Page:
Creating a population density map is relatively easy once you have collected the necessary data. You can use an existing map and color in the areas to show the variations in population density or draw a map from scratch either by hand or through a computer application. Creating a population density map for the United States to show which states have more or fewer people per square mile can be a creative way for students to learn about geography and math.
- Population data
- Area data
- Source image for map layout
- Colored markers
Determine the population density for each area that will be included in the map by using the population and area data in the following formula: Population density = Population/Land Area in square miles. For example, if you are doing a population density map of each state in the United States, calculate the population density of Minnesota by taking its total population, which is 5,303,925 as listed in the 2010 Census, and divide it by the land area in square miles, which is 79,610 to get a population density of 66.6 people per square mile.
Record the population density data for each area on a piece of paper. Calculate the total population density of the entire area to get an average population density for the entire area. For example, the population density for the entire United States is 87.4 people per square mile. So Minnesota would be below average (fewer people per square mile) compared to the total population density of the United States.
Using the source image as a reference, draw a map on a piece of paper. Decide how many levels of density you want to portray in the map compared to the national average, and assign a color for each level. For example, a population density map of the United States might have five levels of population density: with yellow representing the average density (87.4), orange being slightly above average (100-200), red being greatly above average (more than 200), green being slightly below average (20-80), and blue being greatly below average (less than 20). Draw in a legend to explain what each color on the map represents.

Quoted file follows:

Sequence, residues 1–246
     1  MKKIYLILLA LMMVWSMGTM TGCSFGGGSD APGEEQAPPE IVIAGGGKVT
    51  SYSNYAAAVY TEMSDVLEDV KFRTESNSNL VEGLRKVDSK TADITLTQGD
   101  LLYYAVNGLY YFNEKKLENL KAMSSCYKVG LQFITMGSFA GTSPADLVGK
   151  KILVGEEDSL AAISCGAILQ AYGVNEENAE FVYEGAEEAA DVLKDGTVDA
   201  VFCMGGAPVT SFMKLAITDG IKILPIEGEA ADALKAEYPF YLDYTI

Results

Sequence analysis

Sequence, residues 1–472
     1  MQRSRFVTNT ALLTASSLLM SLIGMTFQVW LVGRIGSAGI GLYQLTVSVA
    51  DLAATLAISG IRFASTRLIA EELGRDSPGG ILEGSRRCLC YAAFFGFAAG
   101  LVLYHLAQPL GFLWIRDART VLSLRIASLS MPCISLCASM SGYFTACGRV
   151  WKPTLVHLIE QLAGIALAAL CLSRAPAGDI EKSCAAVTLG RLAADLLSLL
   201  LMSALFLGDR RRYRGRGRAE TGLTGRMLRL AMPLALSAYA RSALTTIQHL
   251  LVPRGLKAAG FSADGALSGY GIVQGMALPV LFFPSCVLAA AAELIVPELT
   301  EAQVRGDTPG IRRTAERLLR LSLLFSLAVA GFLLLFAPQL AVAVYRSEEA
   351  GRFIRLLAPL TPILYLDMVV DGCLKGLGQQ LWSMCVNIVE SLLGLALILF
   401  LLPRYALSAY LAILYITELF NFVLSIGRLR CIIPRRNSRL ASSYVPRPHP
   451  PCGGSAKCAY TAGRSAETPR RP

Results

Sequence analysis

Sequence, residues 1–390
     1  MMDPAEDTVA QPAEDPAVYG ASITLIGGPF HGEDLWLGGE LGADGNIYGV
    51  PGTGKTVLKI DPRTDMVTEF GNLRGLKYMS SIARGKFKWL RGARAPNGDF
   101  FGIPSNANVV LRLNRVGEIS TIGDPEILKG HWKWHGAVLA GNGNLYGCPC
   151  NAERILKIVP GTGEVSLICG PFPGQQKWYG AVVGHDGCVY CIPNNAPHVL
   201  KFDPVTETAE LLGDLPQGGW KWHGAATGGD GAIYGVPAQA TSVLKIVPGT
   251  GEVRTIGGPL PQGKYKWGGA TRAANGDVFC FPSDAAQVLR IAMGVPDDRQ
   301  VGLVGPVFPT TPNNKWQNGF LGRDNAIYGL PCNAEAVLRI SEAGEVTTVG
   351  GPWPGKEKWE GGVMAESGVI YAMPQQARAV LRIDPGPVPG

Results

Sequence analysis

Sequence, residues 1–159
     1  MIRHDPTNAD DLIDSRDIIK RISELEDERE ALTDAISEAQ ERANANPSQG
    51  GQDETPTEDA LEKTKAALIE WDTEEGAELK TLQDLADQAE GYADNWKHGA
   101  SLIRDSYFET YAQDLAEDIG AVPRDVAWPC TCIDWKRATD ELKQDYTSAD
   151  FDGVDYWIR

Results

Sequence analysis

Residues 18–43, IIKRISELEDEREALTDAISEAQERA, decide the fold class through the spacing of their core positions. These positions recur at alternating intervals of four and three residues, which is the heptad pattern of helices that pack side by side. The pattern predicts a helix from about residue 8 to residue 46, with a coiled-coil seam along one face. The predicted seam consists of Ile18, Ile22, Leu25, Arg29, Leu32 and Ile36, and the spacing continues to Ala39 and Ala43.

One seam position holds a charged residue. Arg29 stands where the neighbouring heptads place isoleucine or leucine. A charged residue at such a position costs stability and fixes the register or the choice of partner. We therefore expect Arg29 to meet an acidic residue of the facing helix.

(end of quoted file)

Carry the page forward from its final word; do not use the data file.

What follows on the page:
Use the recorded population density data for each area to color in the map accordingly with the colored markers.
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About the Author
Gabrielle Black has been a professional writer, artist and designer since 2002. Her theatrical designs, puppet design and construction have been featured in "Theatre Design & Technology" magazine and she has written numerous articles for various websites. She holds a Bachelor of Arts from Luther College and a Master of Fine Arts from the University of Idaho, both in stage design and painting.
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